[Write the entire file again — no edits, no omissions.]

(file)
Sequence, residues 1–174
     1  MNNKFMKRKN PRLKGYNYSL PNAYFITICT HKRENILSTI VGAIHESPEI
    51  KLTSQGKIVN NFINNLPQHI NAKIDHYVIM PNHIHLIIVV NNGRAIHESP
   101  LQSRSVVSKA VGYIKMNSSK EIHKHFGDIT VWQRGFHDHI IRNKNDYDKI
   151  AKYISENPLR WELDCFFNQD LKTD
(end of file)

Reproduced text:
Sequence, residues 1–174
     1  MNNKFMKRKN PRLKGYNYSL PNAYFITICT HKRENILSTI VGAIHESPEI
    51  KLTSQGKIVN NFINNLPQHI NAKIDHYVIM PNHIHLIIVV NNGRAIHESP
   101  LQSRSVVSKA VGYIKMNSSK EIHKHFGDIT VWQRGFHDHI IRNKNDYDKI
   151  AKYISENPLR WELDCFFNQD LKTD